The Gigafactory, the mass market Model 3, and a well-established supercharger network all are set to be in place in two years' time. Apart from anything else, the Gigafactory in itself would represent a doubling in global lithium-ion battery capacity.

Yet, even today, getting hold of battery-grade lithium is tricky the price of the stuff has risen by 15% this year alone. Tesla knows it's got to encourage the growth of a new lithium ion supply chain if it wants to avoid driving prices even higher. Cobalt and graphite are key ingredients too. Again, all are in tight supply. This is why Tesla is bypassing the existing supply chains and going direct to the source.

Tesla recently announced a deal with junior miner Bacanora Minerals (Aim: BCN) and Rare Earth Minerals (Aim: REM) to source lithium from their joint venture in the Sonora region of Northern Mexico. Now, given that the mine isn't even in operation yet, it's a pretty bold move. But then again, there's little doubt that the key reason for awarding the contract was to give the Sonora team credibility so that they can now find finance for their project.

Last time I wrote on this subject (back in June), I suggested taking a punt on these two stocks in the hope that exactly this would happen. The share price of each has risen some 25% to 30% since then. But assuming that funding can be found, I reckon there's bound to be plenty of mileage left in both stocks (I own both of them). However, they aren't the only companies that can profit. Below I take a look at some other potential winners all high-risk below, as well as an unusual (and again, risky) way to profit from Tesla-mania.

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Two miners to snap up now

As an eco-friendly company, Tesla has made it clear thatit will not source raw materials from anyone but the mostenvironmentally respectful suppliers. I suspect that this is therationale behind its lithium supply contract from Sonora, Mexico this is an open-pit mine, with a simple extraction process.But looking to the other two key battery components (cobalt andgraphite), Tesla faces problems.

760-StratMin

Cobalt is largely sourced from the politically dodgy Congoin Africa. Tesla won't deal with these guys, and is likely to beout there right now, looking for a deal with a North Americansupplier. That means that Canada-listed Fortune Minerals(Toronto: FT) could well be a stock to watch. As with so manyCanada-listed miners, it's had a torrid time over the last fewyears. The company has sold down much of its asset base, tosettle debt and keep its cobalt dream alive. The stock has fallenfrom 25Canadiancents to just3.5 centsover the lastyear.

But in arecentstatement, there was a chink of light. The firm says thatconfidentiality agreements have been signed with globallyrecognised firms. At this sort of level, we're talking about"option money" the stock is so cheap, it's like having anoption to the upside, but it's likely that you'll lose your initialpremium. In other words, you could very easily lose 100%of what you put in so don't bet the house but if it doescome together, there could be all manner of fireworks for theshare price. This is highly, highly speculative, but interestingnonetheless.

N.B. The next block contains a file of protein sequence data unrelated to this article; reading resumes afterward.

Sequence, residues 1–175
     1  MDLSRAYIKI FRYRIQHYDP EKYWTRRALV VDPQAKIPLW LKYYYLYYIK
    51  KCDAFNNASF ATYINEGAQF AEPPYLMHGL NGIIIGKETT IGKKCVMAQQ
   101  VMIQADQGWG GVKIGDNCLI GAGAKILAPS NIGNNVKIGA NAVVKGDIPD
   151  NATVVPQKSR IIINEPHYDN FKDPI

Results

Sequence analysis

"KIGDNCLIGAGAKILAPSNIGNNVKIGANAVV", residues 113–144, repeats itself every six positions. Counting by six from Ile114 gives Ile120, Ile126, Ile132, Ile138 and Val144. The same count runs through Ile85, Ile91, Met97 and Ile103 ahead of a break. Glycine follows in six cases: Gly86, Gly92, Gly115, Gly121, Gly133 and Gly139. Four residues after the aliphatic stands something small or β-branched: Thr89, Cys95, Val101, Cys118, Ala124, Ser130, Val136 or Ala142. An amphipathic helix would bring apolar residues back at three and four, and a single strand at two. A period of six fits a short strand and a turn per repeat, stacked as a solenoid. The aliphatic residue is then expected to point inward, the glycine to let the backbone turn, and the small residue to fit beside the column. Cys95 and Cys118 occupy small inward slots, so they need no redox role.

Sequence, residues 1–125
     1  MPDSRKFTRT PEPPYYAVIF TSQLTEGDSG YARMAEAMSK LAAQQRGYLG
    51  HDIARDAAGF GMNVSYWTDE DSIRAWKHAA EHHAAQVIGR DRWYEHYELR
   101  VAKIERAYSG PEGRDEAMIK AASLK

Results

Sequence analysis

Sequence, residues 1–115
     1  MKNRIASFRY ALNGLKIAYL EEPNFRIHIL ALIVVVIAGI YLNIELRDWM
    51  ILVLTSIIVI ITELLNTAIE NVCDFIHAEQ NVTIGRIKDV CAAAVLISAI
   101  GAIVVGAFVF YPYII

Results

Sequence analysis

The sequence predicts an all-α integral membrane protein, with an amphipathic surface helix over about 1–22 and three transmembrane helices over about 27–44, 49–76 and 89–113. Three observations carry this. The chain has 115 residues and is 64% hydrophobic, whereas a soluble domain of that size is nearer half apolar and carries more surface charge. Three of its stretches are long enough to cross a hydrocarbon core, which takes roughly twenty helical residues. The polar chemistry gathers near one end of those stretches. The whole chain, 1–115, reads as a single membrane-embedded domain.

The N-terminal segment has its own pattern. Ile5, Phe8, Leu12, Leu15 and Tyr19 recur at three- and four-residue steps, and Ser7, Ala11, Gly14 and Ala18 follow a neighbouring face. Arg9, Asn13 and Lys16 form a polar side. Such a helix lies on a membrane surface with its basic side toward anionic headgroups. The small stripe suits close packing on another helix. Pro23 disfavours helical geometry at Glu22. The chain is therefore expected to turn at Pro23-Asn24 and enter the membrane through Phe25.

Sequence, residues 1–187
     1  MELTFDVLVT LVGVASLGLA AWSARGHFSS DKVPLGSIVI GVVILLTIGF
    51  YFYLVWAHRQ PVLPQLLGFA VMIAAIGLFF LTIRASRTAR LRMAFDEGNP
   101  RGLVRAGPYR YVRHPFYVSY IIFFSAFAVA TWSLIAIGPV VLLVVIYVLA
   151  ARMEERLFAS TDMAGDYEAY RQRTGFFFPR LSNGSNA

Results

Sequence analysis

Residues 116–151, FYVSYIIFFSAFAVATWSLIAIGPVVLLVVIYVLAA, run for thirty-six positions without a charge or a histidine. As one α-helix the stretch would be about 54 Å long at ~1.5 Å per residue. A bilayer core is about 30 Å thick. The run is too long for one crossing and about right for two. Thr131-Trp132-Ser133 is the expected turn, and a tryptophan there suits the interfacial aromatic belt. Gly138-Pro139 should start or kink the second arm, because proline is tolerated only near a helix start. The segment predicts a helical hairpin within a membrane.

Turning to the other key component graphite on the otherhand, comes largely out of pollution-ridden mines in China.Again, Tesla doesn't want any part of this. Synthetic graphitecan be sourced from North America and that, for the moment,has been Tesla's approach. But the price of synthetic graphiteis many multiples that of the naturally occurring product.There could be a better approach.

StratMin (Aim: STGR) listed on Aim around 18 months ago,and is now at a defining moment. Having got off to a very slowstart (the typical delays and mine development issues yousee with these sorts of companies), its share price is off bysome 93%. Now trading at 4p (to buy), it could be a great puntfor the brave. That's because in the last couple of weeks thecompany signed a deal with Australia-listed Bass Metals for acash injection of up to £4m to help develop mines in Mauritiusand Madagascar.

Now StratMin is already in operation, and itsgraphite production is expected to turn cash-flow positive thisyear. Stratmin is capitalised at £5.5m. Yet Bass has just paid£4m for up to 35% of its key projects. As CEO Brett Boyntonsays: "This transaction enables the company to fund the groupwith investment at a substantial implied premium to the currentshare price and demonstrates a strong endorsement of ourstrategy."

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Again, this is a highly speculative investment. But in myexperience, one of the best times to invest in a speculative juniorminer is when other investors have given up, and corporateinvestors get aboard. This is a rare occasion when privateinvestors can get aboard at a better price than the corporates.That doesn't mean it's a sure thing but it's a good sign,nonetheless. (Full disclosure: I own some of this stock).

A speculative punt: buy the car itself

Elon Musk is throwing everything he's got at achieving his idea of shifting the world to renewable energy. In order to make this work, he's got to hit the market with the Model 3 Tesla at a given price-point, not a given profit-point. So anyone who buys the Model 3 is likely to be buying the car at below its cost of production.

Now, while that doesn't in itself make it a no-brainer of a buy, I suspect it probably will be. Media reports have always rated Tesla cars as "best in class". And yet, here's a car that's coming in at an "average" price for its sector. And let's not forget, after you've got the thing, the running costs plummet too. The Model 3 also arrives at half the price of the existing cheapest Tesla that'll be quite a pull for the fashion-conscious eco-bod.

In short, I expect to see a massive over-subscription problem developing by the time this car hits the streets think of the sort of hype normally reserved for Apple products, and you get an idea of what I'm talking about.

This excess demand may well lead to a surge in price in the second-hand market for the Model 3. Although this is by no means the norm, a resale premium is not unheard of in the car market. Yes, usually it's at the upper end of the market, but we've also seen it among the more humble motors, such as BMW's revitalised Mini, which was released in the early 2000s.

So what's the investment angle? The advantage of buying prior to launch is that you're rarely asked to put down the full value of the car on day one. Let's say that in March next year Tesla asks for a 20% deposit to get on the list for its $35,000 Model 3. That would mean a deposit of $7,000. Should enthusiasm for the car be such that it fetches, say, $50,000 in the new/second-hand market, that would mean a potential $15,000 for the investor... that's more than a 100% return on capital.

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This is pure speculation of course. But I am certainly planning on taking the plunge myself.